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Medial Epicondylitis

(Golfer's Elbow)
  • Definition

    Medial epicondylitis is pain over the bone on the inner side of the elbow. The piece of bone that can be felt on the inner side of the elbow is called the medial epicondyle. When the tendons attached to this bone are overstretched or torn, they can become painful. This is called tendinopathy.
    Medial epicondylitis is commonly called golfer's elbow, but it is not restricted to people who play golf. It can occur in tennis players and other people who repeatedly grip objects tightly.
    Medial Epicondylitis
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    Copyright © Nucleus Medical Media, Inc.
  • Causes

    Golfer's elbow is caused by overusing the flexor muscles of the forearms. Overusing these muscles can stretch or tear the tendons attached to the medial epicondyle.
    Causes include:
    • Improper golf swing technique or grip of golf clubs
    • Wrong model of golf clubs
    • Improper technique for hitting a tennis ball
    • Improper size of tennis racquet or tension of racquet strings
    • Doing certain arm motions too much, such as:
      • Golf swings
      • Tennis strokes (forehand or serve)
      • Painting
      • Raking
      • Pitching
      • Rowing
      • Using a hammer or screwdriver
  • Risk Factors

    Factors that may increase your chance of medial epicondylitis include:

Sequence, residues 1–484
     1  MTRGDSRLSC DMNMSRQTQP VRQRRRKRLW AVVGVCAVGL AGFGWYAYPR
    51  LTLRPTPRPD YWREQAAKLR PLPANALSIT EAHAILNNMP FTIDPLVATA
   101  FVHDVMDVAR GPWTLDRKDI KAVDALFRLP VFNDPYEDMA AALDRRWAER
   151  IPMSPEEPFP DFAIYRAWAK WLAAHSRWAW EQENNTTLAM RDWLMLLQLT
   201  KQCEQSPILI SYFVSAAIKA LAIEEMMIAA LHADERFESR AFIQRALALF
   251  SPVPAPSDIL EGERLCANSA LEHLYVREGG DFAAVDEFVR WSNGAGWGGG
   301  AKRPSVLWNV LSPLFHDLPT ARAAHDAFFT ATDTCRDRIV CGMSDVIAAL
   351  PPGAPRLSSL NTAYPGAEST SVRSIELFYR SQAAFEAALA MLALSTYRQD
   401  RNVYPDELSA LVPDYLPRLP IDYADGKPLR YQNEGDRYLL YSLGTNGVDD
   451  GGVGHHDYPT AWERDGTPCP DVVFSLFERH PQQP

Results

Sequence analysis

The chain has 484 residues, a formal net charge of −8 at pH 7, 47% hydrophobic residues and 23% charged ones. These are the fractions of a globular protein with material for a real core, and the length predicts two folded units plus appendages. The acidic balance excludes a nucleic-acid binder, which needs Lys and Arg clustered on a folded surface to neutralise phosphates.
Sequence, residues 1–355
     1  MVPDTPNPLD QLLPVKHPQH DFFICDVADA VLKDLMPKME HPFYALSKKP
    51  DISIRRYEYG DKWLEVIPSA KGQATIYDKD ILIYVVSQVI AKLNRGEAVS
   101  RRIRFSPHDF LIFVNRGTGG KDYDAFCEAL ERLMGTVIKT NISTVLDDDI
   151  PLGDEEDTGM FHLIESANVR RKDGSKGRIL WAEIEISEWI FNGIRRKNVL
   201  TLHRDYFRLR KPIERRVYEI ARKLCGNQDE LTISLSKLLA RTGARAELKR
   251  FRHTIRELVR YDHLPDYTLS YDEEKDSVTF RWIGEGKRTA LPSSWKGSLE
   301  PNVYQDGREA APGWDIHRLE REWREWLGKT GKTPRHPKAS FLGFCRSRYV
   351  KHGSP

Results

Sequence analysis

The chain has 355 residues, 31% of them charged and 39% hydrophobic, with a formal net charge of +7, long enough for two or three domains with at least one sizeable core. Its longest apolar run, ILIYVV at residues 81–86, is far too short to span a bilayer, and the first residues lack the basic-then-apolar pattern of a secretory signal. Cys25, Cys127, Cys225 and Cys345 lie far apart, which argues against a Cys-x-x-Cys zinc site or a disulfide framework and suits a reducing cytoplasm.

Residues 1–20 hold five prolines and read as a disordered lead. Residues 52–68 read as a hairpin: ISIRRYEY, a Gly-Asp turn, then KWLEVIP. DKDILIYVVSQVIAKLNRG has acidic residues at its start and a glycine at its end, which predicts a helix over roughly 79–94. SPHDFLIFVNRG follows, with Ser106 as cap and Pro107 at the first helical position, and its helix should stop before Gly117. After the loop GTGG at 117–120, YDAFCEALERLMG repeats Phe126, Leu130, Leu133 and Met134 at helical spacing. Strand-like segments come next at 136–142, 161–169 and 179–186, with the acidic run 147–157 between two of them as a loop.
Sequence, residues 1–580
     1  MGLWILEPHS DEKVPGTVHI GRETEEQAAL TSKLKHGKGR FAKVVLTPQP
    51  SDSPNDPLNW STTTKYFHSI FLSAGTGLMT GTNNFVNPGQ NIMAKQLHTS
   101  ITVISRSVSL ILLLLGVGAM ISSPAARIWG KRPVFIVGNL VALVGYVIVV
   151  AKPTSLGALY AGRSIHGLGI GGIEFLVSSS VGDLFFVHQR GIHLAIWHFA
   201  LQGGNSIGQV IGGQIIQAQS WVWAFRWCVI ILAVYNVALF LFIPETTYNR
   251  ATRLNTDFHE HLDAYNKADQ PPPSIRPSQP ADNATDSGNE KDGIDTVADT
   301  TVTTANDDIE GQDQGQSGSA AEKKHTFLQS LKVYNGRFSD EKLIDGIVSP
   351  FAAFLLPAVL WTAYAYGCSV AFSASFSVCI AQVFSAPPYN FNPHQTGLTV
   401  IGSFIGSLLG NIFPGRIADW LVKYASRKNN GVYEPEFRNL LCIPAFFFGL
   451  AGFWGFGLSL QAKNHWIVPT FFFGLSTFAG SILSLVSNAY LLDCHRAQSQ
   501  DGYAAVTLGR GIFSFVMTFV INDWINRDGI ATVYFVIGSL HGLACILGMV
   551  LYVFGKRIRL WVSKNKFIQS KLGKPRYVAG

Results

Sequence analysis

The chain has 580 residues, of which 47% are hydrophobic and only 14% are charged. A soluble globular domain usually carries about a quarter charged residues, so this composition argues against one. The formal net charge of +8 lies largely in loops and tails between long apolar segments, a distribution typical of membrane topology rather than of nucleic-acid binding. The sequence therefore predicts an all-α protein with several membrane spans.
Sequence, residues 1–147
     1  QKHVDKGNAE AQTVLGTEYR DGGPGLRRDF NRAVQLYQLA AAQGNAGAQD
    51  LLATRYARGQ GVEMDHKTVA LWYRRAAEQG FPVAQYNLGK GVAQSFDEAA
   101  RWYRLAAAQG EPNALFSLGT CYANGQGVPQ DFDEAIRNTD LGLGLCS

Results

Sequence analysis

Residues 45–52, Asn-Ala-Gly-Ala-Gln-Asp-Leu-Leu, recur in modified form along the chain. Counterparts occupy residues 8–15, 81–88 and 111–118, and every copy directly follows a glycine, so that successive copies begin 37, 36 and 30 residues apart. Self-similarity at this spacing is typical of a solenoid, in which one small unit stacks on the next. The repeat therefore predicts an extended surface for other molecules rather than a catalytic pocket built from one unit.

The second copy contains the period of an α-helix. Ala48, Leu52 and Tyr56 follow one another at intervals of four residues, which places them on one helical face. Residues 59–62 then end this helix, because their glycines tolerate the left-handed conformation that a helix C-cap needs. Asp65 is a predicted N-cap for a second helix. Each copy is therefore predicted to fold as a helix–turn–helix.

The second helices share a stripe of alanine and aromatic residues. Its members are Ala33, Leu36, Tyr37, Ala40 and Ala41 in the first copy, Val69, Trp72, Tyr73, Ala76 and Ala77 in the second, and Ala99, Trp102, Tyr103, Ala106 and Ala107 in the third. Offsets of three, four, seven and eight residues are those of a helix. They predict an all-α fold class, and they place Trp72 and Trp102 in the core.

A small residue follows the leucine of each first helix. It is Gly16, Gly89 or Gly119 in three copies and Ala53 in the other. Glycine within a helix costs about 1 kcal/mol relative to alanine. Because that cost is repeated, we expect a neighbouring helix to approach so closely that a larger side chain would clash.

• Playing golf or tennis
    • Work that requires repetitive gripping or clenching of the fingers (especially when the hand is bent up or down at the wrist)
    • Muscle imbalance
    • Decreased flexibility
    • Advancing age
  • Symptoms

    Symptoms include:
    • Pain or tenderness on the inner side of the elbow
    • Pain increases when:
      • Shaking hands
      • Turning doorknobs
      • Picking up objects with your palm down
      • Hitting a forehand in tennis
      • Swinging a golf club
      • Applying pressure to this area
    • Possibly pain extending down the forearm
    • Tightness of forearm muscles
    • Stiffness or trouble moving the elbow or hand
  • Diagnosis

    The doctor will ask about your symptoms, medical history, recent physical activity, and how the injury occurred. You may not remember the event that caused the injury because golfer's elbow pain develops over time. The doctor will examine your elbow for:
    • Pain on the inner side of the elbow when:
      • Doing certain arm motions
      • Pressing on the medial epicondyle
    • Stiffness of elbow and pain with wrist movement
    X-rays are not usually necessary. However, an x-ray may be needed if the doctor suspects other problems.
    An MRI scan is occasionally used for diagnosis, but there is only limited evidence supporting this use.
  • Treatment

    Treatment includes:
    Rest
    Do not do activities that cause pain. Do not play sports, especially golf and tennis, until the pain is gone. You may need to alter how you do certain activities.
    Cold
    Regular ice application may help decrease some discomfort and swelling.
    Medication
    The following drugs can help to reduce inflammation and pain:
    • Nonsteroid anti-inflammatory drugs (NSAIDs)
    • Acetaminophen
    • Topical pain relievers that are applied to the skin